Today marks the end of Affinity Photo‘s beta and the launch of version 1.0 with an introductory price of only $39.99 USD. Affinity’s Project Manager, Dale Cook, was thankful for the overwhelming interest in the beta program for Affinity Photo. “Around a quarter of a million participated (in the public beta), and around half of those were in the first two weeks. Definitely a fantastic response,” Dale states.
Like Affinity Designer, Photo has been built from the ground up from the developers at Serif, keeping their focus on speed and agility. Dale says that early feedback instantly pitched Affinity Photo against the industry’s decades-long market leader, which was of course incredible for the team and made for great exposure. The project goals were high from the outset, but to be positioned against the market leader by independent journalists and industry professionals before they’d even approached a release version was received by the team as impressive, and inspiring. “For some people Affinity Photo came out of nowhere although for the dev team it was after over 4 years of development—the devs knew it was good but that doesn’t mean we expected so many people to agree, or to agree so quickly”, says Dale.
Dale is on the PR and marketing side of the Affinity team. As someone who knows the app but is foreign to the coding process, he keep coming back to loving the speed. “It’s just always something to be thankful for and other apps are now even more frustrating. I think photographers will soon take some Photo features for granted, because of course they should “just work”, but when they work in real-time, with live previews, instant results, no lag, no beach balls, then it’s a gift that keeps on giving every day. In a similar way I am also highly impressed by how much of Affinity Photo is non-destructive, no need to constantly duplicate layers multiple times to apply different processes… it’s almost nirvana.”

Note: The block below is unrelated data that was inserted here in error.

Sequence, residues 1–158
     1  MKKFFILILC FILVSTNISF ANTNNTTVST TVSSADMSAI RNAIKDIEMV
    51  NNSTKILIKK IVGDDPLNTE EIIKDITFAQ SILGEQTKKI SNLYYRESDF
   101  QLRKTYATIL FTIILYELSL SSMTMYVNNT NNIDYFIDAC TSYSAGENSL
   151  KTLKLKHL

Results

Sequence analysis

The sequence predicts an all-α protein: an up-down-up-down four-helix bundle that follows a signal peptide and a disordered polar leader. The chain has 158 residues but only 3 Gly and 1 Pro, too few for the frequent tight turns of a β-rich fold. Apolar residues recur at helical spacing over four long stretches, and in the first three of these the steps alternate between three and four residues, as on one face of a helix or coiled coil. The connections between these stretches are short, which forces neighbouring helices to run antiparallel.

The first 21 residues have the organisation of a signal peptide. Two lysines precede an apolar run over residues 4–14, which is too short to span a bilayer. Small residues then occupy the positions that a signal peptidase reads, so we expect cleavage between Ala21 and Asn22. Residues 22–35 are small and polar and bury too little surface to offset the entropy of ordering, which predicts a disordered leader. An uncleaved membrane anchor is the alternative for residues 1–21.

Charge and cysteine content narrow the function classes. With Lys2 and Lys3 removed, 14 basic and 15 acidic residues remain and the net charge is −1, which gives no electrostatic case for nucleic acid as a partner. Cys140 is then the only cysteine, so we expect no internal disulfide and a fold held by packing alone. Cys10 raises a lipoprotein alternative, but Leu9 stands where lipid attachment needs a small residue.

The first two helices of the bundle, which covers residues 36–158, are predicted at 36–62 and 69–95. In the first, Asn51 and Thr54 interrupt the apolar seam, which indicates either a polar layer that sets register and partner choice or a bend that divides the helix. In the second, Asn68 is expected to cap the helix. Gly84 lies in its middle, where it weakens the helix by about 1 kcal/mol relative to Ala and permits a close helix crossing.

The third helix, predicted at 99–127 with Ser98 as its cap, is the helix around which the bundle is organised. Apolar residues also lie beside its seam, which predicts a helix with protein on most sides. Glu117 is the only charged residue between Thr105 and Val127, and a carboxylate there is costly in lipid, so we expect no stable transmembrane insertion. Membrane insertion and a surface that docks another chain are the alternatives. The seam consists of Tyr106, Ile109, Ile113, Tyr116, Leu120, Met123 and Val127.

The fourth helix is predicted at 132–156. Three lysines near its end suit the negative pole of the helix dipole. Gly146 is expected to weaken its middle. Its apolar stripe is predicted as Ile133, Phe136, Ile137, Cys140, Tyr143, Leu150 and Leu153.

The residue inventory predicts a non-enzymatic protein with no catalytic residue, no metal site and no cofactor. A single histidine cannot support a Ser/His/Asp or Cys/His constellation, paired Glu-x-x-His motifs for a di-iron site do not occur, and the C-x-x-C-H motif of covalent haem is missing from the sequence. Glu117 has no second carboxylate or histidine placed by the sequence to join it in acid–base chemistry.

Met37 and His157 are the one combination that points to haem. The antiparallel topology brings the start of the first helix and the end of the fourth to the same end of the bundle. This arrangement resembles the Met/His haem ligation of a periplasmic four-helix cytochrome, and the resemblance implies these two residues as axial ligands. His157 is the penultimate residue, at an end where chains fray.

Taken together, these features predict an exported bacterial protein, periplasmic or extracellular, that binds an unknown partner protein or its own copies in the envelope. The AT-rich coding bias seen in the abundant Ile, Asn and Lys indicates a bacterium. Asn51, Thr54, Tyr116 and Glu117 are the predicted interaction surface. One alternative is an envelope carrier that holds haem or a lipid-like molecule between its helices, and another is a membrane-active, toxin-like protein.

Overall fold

A few things that make Affinity Photo unique are its real-time performance, fresh thinking about photographers and retouchers workflows, modern suite behavior, loads of non-destructive editing, and a sprinkling of other magical features. Photo comes equipped with over 8,000 savable history steps, so users can go back in time to old files and undo old steps (or see how edits were made). There’s also the ability to switch between purchased Affinity apps, with one file format, and each app able to undo and redo history steps regardless of where they were first made. You also get non-destructive and super-fast effects with the addition of Live Filters earlier—applying lighting or blurs instantly on the image rather than being forced into a dialog and clicking ‘apply’ is very refreshing.
Worth the investment
So far, there has been tons of high praise from professionals, Apple, and reviewers. The Affinity Suite seems to be poised as a winner for Serif and if the buzz around Photo is an indicator as to what will happen in the next couple months, it looks as if Serif has another winner on its hands. I’ve tried Affinity Photo’s beta and I was really impressed with the interface and low learning curve. For anyone on a Mac who is looking for a Photoshop alternative, this might be your program. For me, I would love to see Affinity go on to take over other operating systems like Linux, making Linux an attractive alternative to artists who are already interested in making the jump but afraid they’ll miss their software. But as always, I’m thinking way to far in the future. Let’s make Affinity a force to be reckoned with, first. Congrats to the Affinity team today for their successful launch and thanks for taking time out of your super-busy day to speak with me.
(All imagery courtesy of Affinity/Serif)